Project: Research project

Project Details


Nuclear Magnetic Resonance (NMR) spectra of 15N and 13C nuclei in proteins
and peptides will be studied using recently developed indirect detection
techniques (HMP) which are highly sensitive. The 15N shifts will be
investigated as indicators of local hydrogen bonding, and secondary and
tertiary structure. The 13C shifts and coupling pattern will be used for
unequivocal connectivity assignment, side chain characterization, and
conformational analyses. These studies will investigate the role that
HMP-NMR can play in structural and conformational studies of proteins and
peptides related to a wide range of fundamental biochemical problems, e.g.
effector/receptor and protein nucleic acid interactions, enzyme mechanisms,
and antibody/antigen recognition. These problems are central to advancing
our knowledge of the molecular bases of disease processes. 15N-1H amide shifts will be correlated with hydrogen bonding, amide proton
exchange with solvent, and secondary structure in a range of proteins and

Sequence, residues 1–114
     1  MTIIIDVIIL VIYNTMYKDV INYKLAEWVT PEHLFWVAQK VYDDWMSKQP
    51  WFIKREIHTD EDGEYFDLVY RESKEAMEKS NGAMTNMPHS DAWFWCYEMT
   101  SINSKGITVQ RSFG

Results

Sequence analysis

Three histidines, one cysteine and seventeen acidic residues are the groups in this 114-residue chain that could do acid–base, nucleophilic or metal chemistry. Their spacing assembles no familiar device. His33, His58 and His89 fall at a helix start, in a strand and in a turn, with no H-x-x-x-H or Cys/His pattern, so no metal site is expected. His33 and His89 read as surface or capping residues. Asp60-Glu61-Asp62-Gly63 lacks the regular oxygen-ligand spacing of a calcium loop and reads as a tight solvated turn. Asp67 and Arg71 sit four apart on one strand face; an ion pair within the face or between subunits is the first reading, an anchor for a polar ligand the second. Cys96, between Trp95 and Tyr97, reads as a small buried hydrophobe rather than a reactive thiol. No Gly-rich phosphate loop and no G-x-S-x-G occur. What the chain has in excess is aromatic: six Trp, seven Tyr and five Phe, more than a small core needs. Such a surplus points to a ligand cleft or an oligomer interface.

peptides, -- trypanothione, apamin, [1-pen] oxytocin, bovine pancreatic
trypsin inhibitor (BPTI), neurophysin, and adenylate kinase. 13C-1H shifts will be used in these compounds to extend techniques of
assignment to larger molecules than presently possible, and with 15N and 1H
shifts to investigate differences between solution and crystal structures
in BPTI, and to investigate solvent accessibility, and positions of turns. In addition to these spectroscopic analyses, modified NMR experiments will
be tested for 13C-1H correlation over several bonds using HMP-NMR. Overall, these studies should test critically how 15N and 13C spectra can
be used for conformational studies of proteins.
Effective start/end date12/31/891/1/90


  • Medicine(all)
  • Biochemistry, Genetics and Molecular Biology(all)
  • Immunology


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